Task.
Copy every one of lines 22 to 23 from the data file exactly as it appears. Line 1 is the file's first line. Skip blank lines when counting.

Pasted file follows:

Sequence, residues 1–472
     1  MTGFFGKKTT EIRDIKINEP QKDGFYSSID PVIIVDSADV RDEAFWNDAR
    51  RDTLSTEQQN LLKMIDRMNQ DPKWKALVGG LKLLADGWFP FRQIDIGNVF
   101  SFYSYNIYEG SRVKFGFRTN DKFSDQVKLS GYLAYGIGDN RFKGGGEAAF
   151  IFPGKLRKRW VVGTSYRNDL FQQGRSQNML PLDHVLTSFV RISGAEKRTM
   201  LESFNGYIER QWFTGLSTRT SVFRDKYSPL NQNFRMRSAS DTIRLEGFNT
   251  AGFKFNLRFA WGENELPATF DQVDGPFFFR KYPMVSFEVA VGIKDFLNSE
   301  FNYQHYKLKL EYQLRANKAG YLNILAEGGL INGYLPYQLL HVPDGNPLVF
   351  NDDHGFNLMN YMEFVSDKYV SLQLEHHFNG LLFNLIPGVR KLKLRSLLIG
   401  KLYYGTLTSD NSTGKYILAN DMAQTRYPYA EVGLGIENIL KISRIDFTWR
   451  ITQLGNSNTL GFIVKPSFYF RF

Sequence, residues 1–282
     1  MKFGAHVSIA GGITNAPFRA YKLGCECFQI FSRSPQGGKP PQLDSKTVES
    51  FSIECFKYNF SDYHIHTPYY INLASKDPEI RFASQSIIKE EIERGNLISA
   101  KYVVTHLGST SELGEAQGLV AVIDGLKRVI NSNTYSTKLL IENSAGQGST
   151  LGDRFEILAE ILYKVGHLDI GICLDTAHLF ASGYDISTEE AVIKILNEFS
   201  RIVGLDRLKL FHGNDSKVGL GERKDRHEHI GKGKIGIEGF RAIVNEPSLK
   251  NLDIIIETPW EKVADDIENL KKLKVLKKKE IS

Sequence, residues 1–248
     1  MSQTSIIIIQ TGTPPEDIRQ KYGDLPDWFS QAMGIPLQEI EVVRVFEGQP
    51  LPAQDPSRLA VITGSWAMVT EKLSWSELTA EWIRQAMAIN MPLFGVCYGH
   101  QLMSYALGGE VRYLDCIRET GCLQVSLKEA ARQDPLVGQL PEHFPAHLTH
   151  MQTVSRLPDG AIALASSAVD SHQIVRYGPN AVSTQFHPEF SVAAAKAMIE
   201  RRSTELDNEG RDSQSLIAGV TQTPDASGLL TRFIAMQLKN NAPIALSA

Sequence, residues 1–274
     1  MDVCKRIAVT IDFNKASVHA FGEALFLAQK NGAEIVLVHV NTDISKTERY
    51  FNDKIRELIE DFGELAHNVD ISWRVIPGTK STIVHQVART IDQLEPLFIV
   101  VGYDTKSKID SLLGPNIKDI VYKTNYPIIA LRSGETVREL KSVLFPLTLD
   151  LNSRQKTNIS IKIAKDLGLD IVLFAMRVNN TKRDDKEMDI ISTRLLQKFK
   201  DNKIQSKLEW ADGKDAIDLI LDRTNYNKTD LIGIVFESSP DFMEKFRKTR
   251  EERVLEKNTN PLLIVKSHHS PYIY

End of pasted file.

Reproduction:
   101  QLMSYALGGE VRYLDCIRET GCLQVSLKEA ARQDPLVGQL PEHFPAHLTH
   151  MQTVSRLPDG AIALASSAVD SHQIVRYGPN AVSTQFHPEF SVAAAKAMIE